© 2024 WXPR
Play Live Radio
Next Up:
0:00 0:00
Available On Air Stations

Prosecutors Quit Roger Stone Case After DOJ Seeks Less Prison Time For Trump Ally

Roger Stone leaves federal court with his wife, Nydia Stone, on the day he was found guilty last fall.
Julio Cortez
Roger Stone leaves federal court with his wife, Nydia Stone, on the day he was found guilty last fall.

Updated at 6:56 p.m. ET

Four federal prosecutors withdrew from the Roger Stone case on Tuesday, hours after the Justice Department took the unusual step of intervening in the case to seek a shorter sentence for the longtime ally of the president.

The four prosecutors who filed their papers with the court to withdraw are Aaron Zelinsky, Jonathan Kravis, Adam Jed and Michael Marando.

Zelinsky resigned as a special assistant U.S. Attorney in the Washington D.C. office. It appears he continues to work for the Justice Department in his earlier capacity with the Maryland U.S. Attorney's Office.

Kravis resigned as a prosecutor in the U.S. Attorney's office for D.C. Jed and Marando said they are withdrawing from the case.

At issue is the prison term prosecutors recommended for Stone, who sought to serve as an intermediary between Trump's 2016 presidential campaign and WikiLeaks. He was found guilty last November on several charges, including lying to Congress, and is awaiting sentencing.

The U.S. Attorney's Office in Washington had recommended Monday that Stone serve seven to nine years in prison, but Justice Department officials were "shocked" by the "extreme and excessive and disproportionate" severity of that sentence, a senior Justice Department official said.

So the department ordered the submission of a second sentencing memo in the case, displacing the first. The second memo, which appeared with court records on Tuesday afternoon, said that a sentence "far less" than the prospective seven to nine years in prison "would be reasonable under the circumstances." It did not make a specific recommendation.

Judge Amy Berman Jackson has the ultimate authority to hand down the sentence in Stone's case and the government said in its second filing that it deferred to her.

Trump criticism

The back and forth over Stone's sentence followed a post on Twitter by Trump on Tuesday that faulted the recommended sentence.

Officials didn't make any explicit link between the president's tweet and the Justice Department's planned action. The senior Justice Department official said that department leadership had resolved on Monday evening to challenge the initial sentencing memo, before the Twitter post.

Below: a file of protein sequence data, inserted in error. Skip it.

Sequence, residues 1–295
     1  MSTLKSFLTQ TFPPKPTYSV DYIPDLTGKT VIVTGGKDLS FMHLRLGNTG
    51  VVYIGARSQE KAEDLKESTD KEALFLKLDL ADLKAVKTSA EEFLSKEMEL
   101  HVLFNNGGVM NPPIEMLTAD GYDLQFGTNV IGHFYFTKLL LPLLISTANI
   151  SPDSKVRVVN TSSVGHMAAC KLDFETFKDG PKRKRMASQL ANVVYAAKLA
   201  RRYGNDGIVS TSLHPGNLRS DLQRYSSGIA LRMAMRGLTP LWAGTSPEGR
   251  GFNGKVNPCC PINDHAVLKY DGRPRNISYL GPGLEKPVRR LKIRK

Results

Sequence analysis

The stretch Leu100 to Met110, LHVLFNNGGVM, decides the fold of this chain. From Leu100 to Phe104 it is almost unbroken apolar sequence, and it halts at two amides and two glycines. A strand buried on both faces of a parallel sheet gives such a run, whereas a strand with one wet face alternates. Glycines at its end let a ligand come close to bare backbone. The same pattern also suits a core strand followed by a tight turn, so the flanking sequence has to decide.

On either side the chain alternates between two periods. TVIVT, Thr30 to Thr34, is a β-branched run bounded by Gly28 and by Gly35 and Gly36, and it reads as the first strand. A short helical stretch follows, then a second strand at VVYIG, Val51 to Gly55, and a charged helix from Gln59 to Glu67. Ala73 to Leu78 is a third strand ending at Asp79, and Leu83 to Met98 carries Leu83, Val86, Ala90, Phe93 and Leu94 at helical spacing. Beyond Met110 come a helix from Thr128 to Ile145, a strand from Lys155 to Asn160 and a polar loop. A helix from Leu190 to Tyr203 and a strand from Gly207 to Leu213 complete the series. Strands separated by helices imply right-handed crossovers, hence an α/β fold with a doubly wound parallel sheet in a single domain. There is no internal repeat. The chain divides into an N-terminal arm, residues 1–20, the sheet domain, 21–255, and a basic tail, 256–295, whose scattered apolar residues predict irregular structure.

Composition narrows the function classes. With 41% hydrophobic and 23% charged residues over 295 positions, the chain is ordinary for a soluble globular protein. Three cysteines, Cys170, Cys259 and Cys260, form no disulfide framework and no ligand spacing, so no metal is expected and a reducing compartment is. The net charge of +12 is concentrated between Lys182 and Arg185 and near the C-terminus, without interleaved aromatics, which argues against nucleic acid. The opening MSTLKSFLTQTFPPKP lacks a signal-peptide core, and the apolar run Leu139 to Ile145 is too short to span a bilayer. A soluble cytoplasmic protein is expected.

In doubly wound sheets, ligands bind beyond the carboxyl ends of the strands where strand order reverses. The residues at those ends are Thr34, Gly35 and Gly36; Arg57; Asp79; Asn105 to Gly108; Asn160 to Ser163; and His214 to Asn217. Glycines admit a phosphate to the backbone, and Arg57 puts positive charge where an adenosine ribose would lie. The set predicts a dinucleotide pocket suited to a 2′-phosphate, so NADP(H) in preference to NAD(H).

The president told reporters at the White House on Tuesday that he hadn't asked the Justice Department for a reduced sentence for Stone. Trump declined to comment when asked whether he was considering a pardon for his ally.

Trump's critics blasted what they called the president's attempt to influence what are supposed to be the independent workings of the Justice Department.

House Judiciary Committee Chairman Jerry Nadler, D-N.Y., vowed in his own Twitter post that the panel would investigate.

Elsewhere on Tuesday, Senate Minority Leader Chuck Schumer, D-N.Y., called on the Justice Department's inspector general to investigate the events leading up to the submission of the second sentencing memo.

"This situation has all the indicia of improper political interference in a criminal prosecution," Schumer wrote to Inspector General Michael Horowitz.

The Stone matter

Stone and his camp sought to serve as intermediaries between Trump's campaign and WikiLeaks during the 2016 presidential election, though Stone said he did nothing wrong.

He maintained that he had no inside knowledge about the Russian attack on the election or WikiLeaks' role and that he was only talking up his own importance.

Prosecutors, however, charged him with lying to Congress, obstructing its investigation and witness tampering.

Stone was convicted on all seven counts in his trial by a federal jury in November. The judge has scheduled sentencing for next week. Ahead of that, prosecutors and Stone's defense team filed their respective sentencing memos Monday, which prompted the subsequent reaction.

Stone's attorneys asked for probation.

Copyright 2021 NPR. To see more, visit https://www.npr.org.

Philip Ewing is an election security editor with NPR's Washington Desk. He helps oversee coverage of election security, voting, disinformation, active measures and other issues. Ewing joined the Washington Desk from his previous role as NPR's national security editor, in which he helped direct coverage of the military, intelligence community, counterterrorism, veterans and more. He came to NPR in 2015 from Politico, where he was a Pentagon correspondent and defense editor. Previously, he served as managing editor of Military.com, and before that he covered the U.S. Navy for the Military Times newspapers.
Ryan Lucas covers the Justice Department for NPR.
Up North Updates
* indicates required